A Weybridge resident ceded her ownership of a 55-acre parcel of grassland off Sheep Farm Road so that it will remain forever open to wildlife and humans alike. On Nov. 1, Gale Hurd deeded the property to the Otter Creek Audubon Society, while the Middlebury Area Land Trust (MALT) received a related conservation easement — all for $10 each. The land would have easily fetched six figures had it been sold on the open market, but now instead of homes, the property — part of the Middlebury/ Weybridge gateway — will continue to host grassland, brushland and wooded hedgerows, as well as the many birds and people who have enjoyed the land for years.
At the beginning of November the Independent reported that Vermont State Police were getting some new eyes in the sky when they chronicle an accident scene or look for a missing person in a remote location. Those eyes belong to a group of 11 unmanned aircraft systems — think “drones” — that are being deployed as needed throughout the state under the guidance of specially trained VSP teams. The units, which are battery powered and controlled through a console much like what one uses with a video gaming system, have the ability to hover for extended periods of time over targets, all the while taking photos that are then electronically stitched together to give authorities a panoramic depiction of a scene.
Local apple growers reported that they survived a rainy growing season, although some saw lower production.
On the first Tuesday in November voters in Addison and Ferrisburgh, by large margins, rejected the Addison Northwest School District’s proposal to close Addison Central School (ACS) and Ferrisburgh Central School (FCS) at the end of the school year. As one Ferrisburgh resident said, “Ferrisburgh and Addison residents sent a resounding message … Residents value their local schools and mandate that they remain open.” ANWSD board members will now have to figure out how to keep the schools open while creating a budget that taxpayers will support.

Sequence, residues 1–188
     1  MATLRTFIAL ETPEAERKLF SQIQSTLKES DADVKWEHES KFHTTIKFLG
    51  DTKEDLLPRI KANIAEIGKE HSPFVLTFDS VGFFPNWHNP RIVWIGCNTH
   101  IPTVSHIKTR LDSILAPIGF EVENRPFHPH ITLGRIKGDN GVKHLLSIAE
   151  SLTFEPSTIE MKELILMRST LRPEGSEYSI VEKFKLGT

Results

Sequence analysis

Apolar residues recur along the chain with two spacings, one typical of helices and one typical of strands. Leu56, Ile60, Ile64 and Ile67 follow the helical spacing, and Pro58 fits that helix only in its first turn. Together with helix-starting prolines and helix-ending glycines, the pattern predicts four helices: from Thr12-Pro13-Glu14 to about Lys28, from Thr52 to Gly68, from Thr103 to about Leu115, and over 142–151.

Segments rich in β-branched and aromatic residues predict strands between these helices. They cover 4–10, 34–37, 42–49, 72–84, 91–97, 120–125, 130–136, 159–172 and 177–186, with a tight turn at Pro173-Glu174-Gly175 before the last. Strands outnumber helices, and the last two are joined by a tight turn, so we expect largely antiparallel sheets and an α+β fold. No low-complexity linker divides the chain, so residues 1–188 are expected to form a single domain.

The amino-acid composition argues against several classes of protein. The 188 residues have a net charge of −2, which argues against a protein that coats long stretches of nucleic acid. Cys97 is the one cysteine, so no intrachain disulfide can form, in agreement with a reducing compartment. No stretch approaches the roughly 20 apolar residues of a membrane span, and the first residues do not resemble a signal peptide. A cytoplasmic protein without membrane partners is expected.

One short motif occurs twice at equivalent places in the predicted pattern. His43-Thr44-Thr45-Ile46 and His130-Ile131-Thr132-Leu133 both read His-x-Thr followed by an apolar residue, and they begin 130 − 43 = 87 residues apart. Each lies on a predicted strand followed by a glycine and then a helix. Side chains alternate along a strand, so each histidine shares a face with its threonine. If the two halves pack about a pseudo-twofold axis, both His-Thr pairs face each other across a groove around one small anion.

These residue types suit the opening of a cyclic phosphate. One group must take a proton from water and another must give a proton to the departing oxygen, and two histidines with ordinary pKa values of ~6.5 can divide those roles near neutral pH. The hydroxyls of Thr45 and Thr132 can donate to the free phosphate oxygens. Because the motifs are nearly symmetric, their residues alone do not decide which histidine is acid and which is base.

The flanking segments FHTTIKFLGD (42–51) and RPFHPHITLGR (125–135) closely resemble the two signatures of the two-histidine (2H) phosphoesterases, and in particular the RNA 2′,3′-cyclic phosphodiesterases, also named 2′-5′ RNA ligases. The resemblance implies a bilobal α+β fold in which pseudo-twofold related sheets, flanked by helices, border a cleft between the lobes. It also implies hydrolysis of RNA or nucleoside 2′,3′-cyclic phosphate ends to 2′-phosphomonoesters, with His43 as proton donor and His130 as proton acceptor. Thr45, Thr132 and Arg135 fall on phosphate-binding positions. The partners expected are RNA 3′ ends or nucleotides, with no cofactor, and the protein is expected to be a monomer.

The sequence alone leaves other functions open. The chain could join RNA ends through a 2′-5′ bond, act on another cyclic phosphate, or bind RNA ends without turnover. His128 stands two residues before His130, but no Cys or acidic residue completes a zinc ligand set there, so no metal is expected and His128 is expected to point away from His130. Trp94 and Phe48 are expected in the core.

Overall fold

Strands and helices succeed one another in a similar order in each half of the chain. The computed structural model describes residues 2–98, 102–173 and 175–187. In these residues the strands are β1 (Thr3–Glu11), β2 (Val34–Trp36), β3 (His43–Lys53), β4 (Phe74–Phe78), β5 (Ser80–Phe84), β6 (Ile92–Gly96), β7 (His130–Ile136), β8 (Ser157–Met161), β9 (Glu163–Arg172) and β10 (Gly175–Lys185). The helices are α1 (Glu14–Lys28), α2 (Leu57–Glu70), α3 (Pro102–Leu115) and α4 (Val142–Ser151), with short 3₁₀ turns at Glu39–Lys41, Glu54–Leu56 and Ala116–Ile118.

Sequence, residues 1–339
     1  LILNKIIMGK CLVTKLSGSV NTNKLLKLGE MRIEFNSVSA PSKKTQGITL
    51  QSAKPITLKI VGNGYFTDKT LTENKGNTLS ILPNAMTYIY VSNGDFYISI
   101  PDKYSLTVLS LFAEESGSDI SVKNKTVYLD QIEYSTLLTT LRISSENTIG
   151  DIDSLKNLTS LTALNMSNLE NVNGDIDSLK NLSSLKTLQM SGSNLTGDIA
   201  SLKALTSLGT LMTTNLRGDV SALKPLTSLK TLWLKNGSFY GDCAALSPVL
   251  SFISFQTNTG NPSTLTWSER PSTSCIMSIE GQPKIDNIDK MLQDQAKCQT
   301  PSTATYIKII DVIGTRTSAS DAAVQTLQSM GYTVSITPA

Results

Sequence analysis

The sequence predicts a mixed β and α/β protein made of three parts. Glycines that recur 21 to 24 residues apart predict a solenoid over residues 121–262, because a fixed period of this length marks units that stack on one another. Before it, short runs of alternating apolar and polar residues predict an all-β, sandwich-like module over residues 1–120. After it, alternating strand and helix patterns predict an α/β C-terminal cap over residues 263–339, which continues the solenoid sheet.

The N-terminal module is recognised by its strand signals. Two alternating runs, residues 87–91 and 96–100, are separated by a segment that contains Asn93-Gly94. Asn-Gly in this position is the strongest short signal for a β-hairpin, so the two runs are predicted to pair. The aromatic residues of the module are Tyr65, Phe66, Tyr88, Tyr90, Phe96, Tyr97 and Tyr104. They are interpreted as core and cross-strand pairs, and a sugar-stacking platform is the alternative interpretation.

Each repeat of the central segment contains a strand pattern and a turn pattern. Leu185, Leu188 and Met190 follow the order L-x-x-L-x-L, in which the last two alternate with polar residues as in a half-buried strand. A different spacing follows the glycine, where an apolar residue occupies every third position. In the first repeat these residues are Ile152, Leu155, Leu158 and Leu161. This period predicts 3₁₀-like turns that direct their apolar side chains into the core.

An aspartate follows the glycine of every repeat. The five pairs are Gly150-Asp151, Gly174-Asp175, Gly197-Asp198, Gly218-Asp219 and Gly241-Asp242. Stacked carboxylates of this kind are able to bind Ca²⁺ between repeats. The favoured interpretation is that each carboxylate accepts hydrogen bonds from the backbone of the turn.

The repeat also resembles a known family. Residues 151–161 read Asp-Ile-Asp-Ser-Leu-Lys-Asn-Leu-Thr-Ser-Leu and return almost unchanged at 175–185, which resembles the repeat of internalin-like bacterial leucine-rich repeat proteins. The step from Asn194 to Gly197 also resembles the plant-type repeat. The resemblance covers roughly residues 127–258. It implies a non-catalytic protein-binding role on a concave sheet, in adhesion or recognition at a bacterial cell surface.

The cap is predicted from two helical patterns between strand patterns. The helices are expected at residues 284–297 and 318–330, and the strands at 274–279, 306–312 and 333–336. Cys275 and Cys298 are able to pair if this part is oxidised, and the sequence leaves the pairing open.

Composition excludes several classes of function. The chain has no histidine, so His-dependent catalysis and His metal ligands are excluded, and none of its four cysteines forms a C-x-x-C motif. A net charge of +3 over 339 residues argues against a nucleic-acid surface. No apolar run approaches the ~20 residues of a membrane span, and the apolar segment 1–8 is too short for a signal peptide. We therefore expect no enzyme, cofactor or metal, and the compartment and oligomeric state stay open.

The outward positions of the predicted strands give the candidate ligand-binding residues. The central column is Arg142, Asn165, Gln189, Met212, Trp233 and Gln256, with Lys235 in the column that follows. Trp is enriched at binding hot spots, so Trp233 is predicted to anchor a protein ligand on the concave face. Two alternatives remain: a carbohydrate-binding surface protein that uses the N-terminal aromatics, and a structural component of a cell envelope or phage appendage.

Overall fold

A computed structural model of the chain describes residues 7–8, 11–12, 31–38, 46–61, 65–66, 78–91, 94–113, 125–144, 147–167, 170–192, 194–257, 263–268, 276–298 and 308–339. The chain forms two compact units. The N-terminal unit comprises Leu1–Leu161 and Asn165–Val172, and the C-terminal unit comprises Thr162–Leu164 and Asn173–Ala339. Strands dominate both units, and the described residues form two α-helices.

Both pedestrian and vehicular traffic in downtown Middlebury was slower than usual at the beginning of the month, as work on the $72-million rail bridges replacement project jumped from the train corridor up to Main Street. Work will soon wrap up for the winter, but next summer will see a 10-week period when construction will cause bigger headaches.
State lawmakers have promised to scrutinize the laws that regulate hunting bear with dogs. This comes after a pack of bear-hounds attacked a couple and their leashed puppy on the Catamount Trail in Ripton in October; the puppy and the hiker trying to protect it required emergency medical care. “Any time something happens that’s as dramatic and problematic as this, we need to take a pause and look at our current system of oversight,” Sen. Ruth Hardy said. “I don’t want to suggest that bear-hound hunters aren’t following the rules, but I think it’s reasonable to look at our regulations.”
This year’s archery season for deer, which concluded on Nov. 1, proved to be the second most successful in the past decade in Addison County, as measured by deer weighed at the county’s official reporting stations. During the season, archers brought 224 deer to the county’s seven stations.
That was followed by a bountiful Youth Hunting Weekend on Nov. 9 and 10, with many young hunters and their families with smiles on their faces. In all, hunters age 15 and younger brought 142 deer to Addison County’s reporting stations after bringing them down that weekend. That total topped the best Youth Hunting Weekend total the county has seen in at least 17 years.
Then the opening weekend of rifle deer season continued a trend in recent years: It set a new record for deer weighed at one of Addison County’s wildlife reporting stations during the first two days of the season. In all, county weigh stations handled 276 deer that weekend. Look for more deer hunting news in December.
The Vergennes City Council raised the city’s base per-unit sewer rate by $19 per quarter, or $76 per year, effective in 2020.